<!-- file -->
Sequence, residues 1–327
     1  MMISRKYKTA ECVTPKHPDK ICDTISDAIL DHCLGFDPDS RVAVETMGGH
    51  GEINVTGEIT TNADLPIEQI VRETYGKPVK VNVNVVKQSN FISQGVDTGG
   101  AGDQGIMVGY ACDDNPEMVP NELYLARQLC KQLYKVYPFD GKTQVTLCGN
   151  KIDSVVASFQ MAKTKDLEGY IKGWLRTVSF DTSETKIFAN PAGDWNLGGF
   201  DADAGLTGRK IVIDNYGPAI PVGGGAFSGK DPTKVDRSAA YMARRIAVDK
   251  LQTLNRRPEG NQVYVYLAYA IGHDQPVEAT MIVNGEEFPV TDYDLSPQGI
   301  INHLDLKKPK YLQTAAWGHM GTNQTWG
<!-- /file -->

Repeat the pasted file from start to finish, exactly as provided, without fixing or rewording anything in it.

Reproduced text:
Sequence, residues 1–327
     1  MMISRKYKTA ECVTPKHPDK ICDTISDAIL DHCLGFDPDS RVAVETMGGH
    51  GEINVTGEIT TNADLPIEQI VRETYGKPVK VNVNVVKQSN FISQGVDTGG
   101  AGDQGIMVGY ACDDNPEMVP NELYLARQLC KQLYKVYPFD GKTQVTLCGN
   151  KIDSVVASFQ MAKTKDLEGY IKGWLRTVSF DTSETKIFAN PAGDWNLGGF
   201  DADAGLTGRK IVIDNYGPAI PVGGGAFSGK DPTKVDRSAA YMARRIAVDK
   251  LQTLNRRPEG NQVYVYLAYA IGHDQPVEAT MIVNGEEFPV TDYDLSPQGI
   301  INHLDLKKPK YLQTAAWGHM GTNQTWG